'Not our jurisdiction': Deported woman's complaint of CBSA's 'excessive force' won't be heard
The Canadian Human Rights Commission will not hear the case of a deported woman who is accusing Canada Border officials of abusing her before she was shipped out of the country.
The complaint stems from the arrest and deportation of Lucy Francineth Granados earlier this year.
Granados applied for refugee status in Canada in 2009 and was rejected, but she continued to stay in Montreal for years with her mother and children.
In 2017 she applied for permanent resident status but was refused and in March she was arrested by Canadian Border Service Agency officers.
Complaint of excessive force
At the time, Granados and her supporters from Solidarity without Borders complained the officers who arrested her used excessive force, pushing her to the floor when she reached for a telephone.
Less than a week later she was taken to hospital when she collapsed at a hearing where her impending deportation was confirmed, and was finally sent out of Canada on April 12.
William Van Driel of Solidarity Without Borders said Granados told him of her injuries during her arrest.
"Four of them, one 40-year-old woman. One of them decides to push her down against the table, throw her to the floor, to twist her arm until she hears a crack. Bleeding from her nose after her face slams to the ground," said Van Driel.
Granados and her supporters say that crack was caused by damage to a vertebra.
Granados said she met with doctors in Guatemala soon after her arrival, and that she still had injuries to her neck, arm, and hand at that point.
Not Human Rights Commission's jurisdiction
A complaint was filed with the Human Rights Commission about Granados's treatment, but the board has ruled it does not have jurisdiction in this case.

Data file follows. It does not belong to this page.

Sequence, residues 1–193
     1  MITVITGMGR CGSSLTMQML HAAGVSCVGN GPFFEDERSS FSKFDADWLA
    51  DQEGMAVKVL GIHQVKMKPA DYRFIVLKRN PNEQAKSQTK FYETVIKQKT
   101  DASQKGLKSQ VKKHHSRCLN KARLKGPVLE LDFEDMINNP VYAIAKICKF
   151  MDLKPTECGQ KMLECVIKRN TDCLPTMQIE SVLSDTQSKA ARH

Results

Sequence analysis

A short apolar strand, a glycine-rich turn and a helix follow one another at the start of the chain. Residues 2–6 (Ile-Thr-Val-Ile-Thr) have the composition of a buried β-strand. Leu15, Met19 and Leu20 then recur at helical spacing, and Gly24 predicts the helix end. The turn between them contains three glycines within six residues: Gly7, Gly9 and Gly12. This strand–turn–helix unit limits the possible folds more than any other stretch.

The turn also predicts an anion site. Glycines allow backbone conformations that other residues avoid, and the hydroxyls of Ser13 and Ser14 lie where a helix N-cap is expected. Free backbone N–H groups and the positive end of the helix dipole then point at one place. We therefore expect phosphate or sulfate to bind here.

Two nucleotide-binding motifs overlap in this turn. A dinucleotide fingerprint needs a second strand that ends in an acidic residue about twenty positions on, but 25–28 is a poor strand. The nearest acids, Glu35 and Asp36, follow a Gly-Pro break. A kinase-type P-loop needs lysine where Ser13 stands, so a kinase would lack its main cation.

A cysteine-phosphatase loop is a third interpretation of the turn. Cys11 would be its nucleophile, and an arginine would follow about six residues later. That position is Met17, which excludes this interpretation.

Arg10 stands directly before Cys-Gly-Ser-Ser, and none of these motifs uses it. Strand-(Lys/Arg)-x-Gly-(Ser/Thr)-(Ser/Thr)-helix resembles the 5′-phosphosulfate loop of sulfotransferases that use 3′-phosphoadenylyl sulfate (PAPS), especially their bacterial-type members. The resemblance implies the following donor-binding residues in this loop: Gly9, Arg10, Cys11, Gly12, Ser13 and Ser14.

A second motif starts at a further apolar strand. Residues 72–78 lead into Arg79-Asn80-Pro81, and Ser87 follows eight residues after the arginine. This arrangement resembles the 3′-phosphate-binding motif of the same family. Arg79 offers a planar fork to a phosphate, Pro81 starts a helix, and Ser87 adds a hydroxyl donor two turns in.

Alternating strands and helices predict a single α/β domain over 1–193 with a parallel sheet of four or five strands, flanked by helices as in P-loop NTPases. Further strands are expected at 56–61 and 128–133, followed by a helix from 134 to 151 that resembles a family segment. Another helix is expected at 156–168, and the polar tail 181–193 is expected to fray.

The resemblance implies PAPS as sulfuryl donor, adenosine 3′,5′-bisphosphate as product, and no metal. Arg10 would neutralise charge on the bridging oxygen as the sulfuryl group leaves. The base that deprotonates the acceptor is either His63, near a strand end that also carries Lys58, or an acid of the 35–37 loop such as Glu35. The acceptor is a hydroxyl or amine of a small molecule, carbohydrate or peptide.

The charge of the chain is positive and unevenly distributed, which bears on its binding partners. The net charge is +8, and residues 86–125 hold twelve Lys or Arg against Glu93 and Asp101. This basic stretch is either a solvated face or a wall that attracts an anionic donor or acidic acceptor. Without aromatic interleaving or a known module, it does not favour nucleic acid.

Solidarity Without Borders now wants to know what legal rights undocumented migrants have if the Human Rights Commission is not willing to take legal action.
It is asking the federal government to provide clarity on the matter.
"The implications of that are actually very serious. If someone is here as an undocumented migrant, that essentially anyone can do whatever to them and if they’re not considered to have the same rights… what does that say about how we as a society consider their humanity?" said Van Driel.
They are now appealing to the United Nations.
CSBA denies wrongdoing
The Canadian Borders Services Agency denies any wrongdoing in Granados's case, saying "the information is not consistent with that of the CBSA."
In an email, spokesperson Stephane Malepart said, "The CBSA is committed to nurturing a culture that is founded on the values and ethics of the Public Service of Canada and the CBSA, and in which all employees conduct themselves in a way that upholds the integrity of CBSA programs and demonstrates professionalism in their day to day activities."
"CBSA officers are expected to behave in a professional manner that is consistent with the Public Sector Code of Values and Ethics and the CBSA Code of Conduct," he added.